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Language of transportation helps shape holidays
An English Rose in Georgia
Lesley Francis - 2016
Lesley Francis grew up in London, England and made Georgia her home in 2009. - photo by File photo

The team at LFPR has been planning and talking excitedly about our upcoming summer vacations, which has once again underlined how, to quote Winston Churchill, the British and Americans are "divided by a common language."

When I hit a really busy patch, like now, I tend to revert to my British roots and speak in "English English" rather than first translating into "American English."

What has really caused confusion between us is the language of that great American summertime institution — The Road Trip. The British would simply call this a "car journey," but it strikes me once again how devoted Americans are to their cars and how they think nothing about driving through the night to reach a family reunion or favorite vacation destination. The description of these trips varies a lot between my two beloved nations.

To start with, the British think carefully about driving for more than 100 miles just to reach a destination for a weekend. This is partly because of the cost of petrol (gasoline) is currently around $6 per (U.S. sized) gallon; partly because the traffic congestion is pretty intense around the overcrowded UK adding stress and time to any journey, and partly because it is comparatively such a small country. For example, to travel the whole length of the island of Great Britain — from Land’s End in the southwest of England to John o’ Groats in the northeast of Scotland — is roughly the same distance as from Atlanta to Key West Florida. It is literally impossible to take a longer road trip within the UK without crossing over some ocean to an offshore island or different country, or going around in circles.

Some other useful translations for the car itself include:

• The boot is the trunk of the car. A trunk in Britain is a kind of old-fashioned, large suitcase.

• The wing is the fender of the car, and the wing mirror is the one on the outside.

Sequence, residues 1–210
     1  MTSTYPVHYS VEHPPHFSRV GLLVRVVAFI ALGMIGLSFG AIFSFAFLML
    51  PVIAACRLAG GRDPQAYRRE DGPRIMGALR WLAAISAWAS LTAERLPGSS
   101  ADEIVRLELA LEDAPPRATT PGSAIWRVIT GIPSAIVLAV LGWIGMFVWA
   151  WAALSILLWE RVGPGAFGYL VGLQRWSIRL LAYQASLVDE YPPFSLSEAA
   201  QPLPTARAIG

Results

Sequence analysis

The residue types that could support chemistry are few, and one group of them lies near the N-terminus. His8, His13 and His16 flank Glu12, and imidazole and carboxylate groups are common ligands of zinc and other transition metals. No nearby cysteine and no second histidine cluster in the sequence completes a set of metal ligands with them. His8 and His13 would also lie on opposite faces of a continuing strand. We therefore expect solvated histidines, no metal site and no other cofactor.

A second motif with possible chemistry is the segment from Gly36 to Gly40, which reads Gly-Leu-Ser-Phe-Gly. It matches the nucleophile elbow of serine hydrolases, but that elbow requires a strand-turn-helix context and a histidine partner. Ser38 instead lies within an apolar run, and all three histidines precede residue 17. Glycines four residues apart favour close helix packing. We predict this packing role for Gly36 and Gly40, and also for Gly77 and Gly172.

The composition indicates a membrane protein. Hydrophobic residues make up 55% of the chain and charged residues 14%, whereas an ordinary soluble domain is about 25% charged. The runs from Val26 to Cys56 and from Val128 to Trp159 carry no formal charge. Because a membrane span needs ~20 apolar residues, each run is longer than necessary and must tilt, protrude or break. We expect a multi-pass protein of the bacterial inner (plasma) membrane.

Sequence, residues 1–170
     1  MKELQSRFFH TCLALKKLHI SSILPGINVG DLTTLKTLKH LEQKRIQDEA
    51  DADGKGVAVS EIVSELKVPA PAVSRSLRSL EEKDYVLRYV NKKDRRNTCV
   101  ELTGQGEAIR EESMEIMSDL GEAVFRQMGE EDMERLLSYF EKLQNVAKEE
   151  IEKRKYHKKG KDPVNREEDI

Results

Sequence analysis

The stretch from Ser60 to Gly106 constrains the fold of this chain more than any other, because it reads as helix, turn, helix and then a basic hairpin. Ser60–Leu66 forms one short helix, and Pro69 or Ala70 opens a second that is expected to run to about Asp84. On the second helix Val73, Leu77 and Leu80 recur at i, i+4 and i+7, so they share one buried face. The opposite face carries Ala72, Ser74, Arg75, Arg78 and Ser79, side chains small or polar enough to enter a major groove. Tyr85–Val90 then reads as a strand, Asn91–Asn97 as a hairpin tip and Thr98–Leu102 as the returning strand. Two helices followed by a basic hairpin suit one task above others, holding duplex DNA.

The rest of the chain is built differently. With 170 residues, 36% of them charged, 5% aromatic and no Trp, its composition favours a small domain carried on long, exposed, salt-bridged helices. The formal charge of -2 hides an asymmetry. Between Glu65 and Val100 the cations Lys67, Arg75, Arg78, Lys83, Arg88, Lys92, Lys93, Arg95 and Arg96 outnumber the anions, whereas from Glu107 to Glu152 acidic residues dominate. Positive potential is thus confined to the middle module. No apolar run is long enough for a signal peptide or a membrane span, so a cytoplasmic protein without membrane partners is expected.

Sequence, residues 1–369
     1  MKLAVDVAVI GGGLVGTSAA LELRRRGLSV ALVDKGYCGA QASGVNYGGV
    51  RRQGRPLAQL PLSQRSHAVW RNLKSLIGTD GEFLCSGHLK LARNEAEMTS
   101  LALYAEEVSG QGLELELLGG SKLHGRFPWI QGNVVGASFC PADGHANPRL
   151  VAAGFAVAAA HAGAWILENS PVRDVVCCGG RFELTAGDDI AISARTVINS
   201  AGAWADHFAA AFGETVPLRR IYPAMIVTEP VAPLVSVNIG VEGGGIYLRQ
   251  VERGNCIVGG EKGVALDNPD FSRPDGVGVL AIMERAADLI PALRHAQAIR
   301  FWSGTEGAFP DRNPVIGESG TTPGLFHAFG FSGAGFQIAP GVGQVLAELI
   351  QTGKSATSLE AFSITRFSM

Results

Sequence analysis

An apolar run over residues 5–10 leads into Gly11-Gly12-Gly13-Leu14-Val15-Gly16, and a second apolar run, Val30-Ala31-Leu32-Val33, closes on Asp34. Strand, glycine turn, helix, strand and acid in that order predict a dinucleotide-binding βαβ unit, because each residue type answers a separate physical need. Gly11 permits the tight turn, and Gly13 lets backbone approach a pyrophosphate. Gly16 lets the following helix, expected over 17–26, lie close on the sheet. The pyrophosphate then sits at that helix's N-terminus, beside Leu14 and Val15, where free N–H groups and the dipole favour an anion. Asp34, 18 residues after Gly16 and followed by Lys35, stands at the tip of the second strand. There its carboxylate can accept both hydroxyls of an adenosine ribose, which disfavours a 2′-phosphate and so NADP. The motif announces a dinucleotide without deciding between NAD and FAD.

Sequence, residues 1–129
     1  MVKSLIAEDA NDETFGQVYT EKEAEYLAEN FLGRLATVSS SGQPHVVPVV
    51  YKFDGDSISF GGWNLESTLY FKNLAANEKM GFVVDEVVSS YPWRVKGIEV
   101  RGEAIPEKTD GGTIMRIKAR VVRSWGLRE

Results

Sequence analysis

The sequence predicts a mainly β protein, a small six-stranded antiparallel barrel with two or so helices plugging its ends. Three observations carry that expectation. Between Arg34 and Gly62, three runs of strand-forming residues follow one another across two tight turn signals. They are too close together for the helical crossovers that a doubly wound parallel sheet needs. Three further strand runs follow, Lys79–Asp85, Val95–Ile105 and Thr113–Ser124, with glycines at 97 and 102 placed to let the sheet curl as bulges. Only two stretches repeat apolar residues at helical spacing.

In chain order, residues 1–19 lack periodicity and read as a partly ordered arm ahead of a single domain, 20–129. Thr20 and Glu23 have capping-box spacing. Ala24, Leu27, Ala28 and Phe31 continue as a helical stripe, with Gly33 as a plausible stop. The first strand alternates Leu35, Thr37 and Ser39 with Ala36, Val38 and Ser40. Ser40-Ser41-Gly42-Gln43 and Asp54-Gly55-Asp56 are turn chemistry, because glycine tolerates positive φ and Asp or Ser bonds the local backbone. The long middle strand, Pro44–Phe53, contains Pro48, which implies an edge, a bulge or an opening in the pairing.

• The bonnet is the hood of the car.

• The number plate is the license plate.

• The gear lever is the gear shift.

Dampers are shock absorbers.

Other vehicles on the road in Britain might include a lorry, which is a truck, or even an articulated lorry, which is a tractor trailer. You might also see a caravan (an RV or trailer) and a lot of estate cars, known here as station wagons.

On the journey, it is important to remember not only that the British drive on the left hand side of the road but that:

• A roundabout is a traffic circle and they are much more common in the U.K. than the U.S.A.

• The yellow color of the traffic lights is called amber, and amber and red show at the same time in the cycle before turning green.

• The sidewalk is called the pavement or, if it is unpaved, a footpath.

• A lay-by on the motorway is a pull off from the highway.

• A fly-over is an overpass.

• The central reservation has nothing to do with Indians, but instead is the median between two opposite sides of an expressway.

• A speed bump is known as a sleeping policeman.

• And a zebra crossing is a cross walk, and the pedestrians do have the right-of-way on them. If that zebra crossing has a crossing guard, they will be known as the lollipop man or lady since they are holding a big "stop" or "go" sign shaped like – you guessed it – a lollipop.

If somebody tries to pass you on the interstate highway – if they are British they will be "overtaking you on the dual carriageway." If you wish to insult them by calling them a jerk, they will better understand if you call them a "git" or a "tosser." Just don’t have a prang (fender bender).

All this talk of cars and road travel reminds me of a great quote from the late, irreverent comedian George Carlin: "Have you ever noticed that anybody driving slower than you is an idiot, and anyone going faster than you is a maniac?"

God bless America!

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